In another example, a newspaper would have no value if there were no subscribers, or the newsprint was unreadable, or there were plenty of free similar newspapers or newspaper sales were illegal.

Q: What is market value?

A: The most common definition is the one used in the real estate appraisal industry. It goes like this: “The most probable price which a property should bring in a competitive and open market under all conditions requisite to a fair sale, the buyer and seller, each axcting prudently, knowlldegeably and assuming the price is not affected by undue stimulous. Implicit in this definition is the consummation of a sale as of a specified date and the passing of title from seller to buyer under conditions whereby: (1) buyer and seller are typically motivated; (2) both parties are well informed or well advised, and each acting in what he or she considers his or her own best interest; (3) a resonable time is allowed for exposure in the open market; (4) payment is made in terms of cash in U.S. dollars or in terms of financial arrangements comparable thereto: and (5) the price represents the normal consideration for the property sold unaffected by special or creative financing or sales conscessions granted by anyone associated with the sale.”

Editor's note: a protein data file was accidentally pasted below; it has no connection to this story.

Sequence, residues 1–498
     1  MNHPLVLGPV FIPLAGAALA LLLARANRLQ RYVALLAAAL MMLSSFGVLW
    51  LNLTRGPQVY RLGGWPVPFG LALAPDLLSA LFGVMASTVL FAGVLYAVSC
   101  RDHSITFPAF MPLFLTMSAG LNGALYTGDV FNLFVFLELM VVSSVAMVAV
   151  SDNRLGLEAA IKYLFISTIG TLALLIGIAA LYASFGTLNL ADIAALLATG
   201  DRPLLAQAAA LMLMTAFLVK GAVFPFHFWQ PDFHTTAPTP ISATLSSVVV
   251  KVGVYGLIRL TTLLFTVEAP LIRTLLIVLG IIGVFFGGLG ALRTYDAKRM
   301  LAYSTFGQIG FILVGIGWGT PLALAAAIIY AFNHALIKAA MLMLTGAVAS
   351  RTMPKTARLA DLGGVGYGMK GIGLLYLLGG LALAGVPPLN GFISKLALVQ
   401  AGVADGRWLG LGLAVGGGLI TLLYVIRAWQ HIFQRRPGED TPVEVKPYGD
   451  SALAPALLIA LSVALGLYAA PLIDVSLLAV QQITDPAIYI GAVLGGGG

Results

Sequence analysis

Q: If market value is the most probable sales price, what would be the highest price?

A: I suggest that sentimental value is probably the highest price a product would bring. For example, my first car was a 1968 Chevrolet Camaro. If I could by that specific car I would be willing to pay more than market value. Nostalgia has a way of influencing value. If I could buy my grandparents’ homestead I would pay more. What would the wedding ring my great grandfather gave to my grandmother be worth to me. Probably a lot more than to anyone else because of its sentimental value.

Q: What would be the lowest value?

A: The lowest value of a product or service is one that involves the need for a quick sale. It’s often called liquidation value, such as a true going out of business sale. If the seller is desperate to sell the product or service, then the price will be lower. Hence the adage, “You make money when you buy, not when you sell.” Most of the successful investors I know say they never pay market value.

Q: Is it possible that there is something that has no value?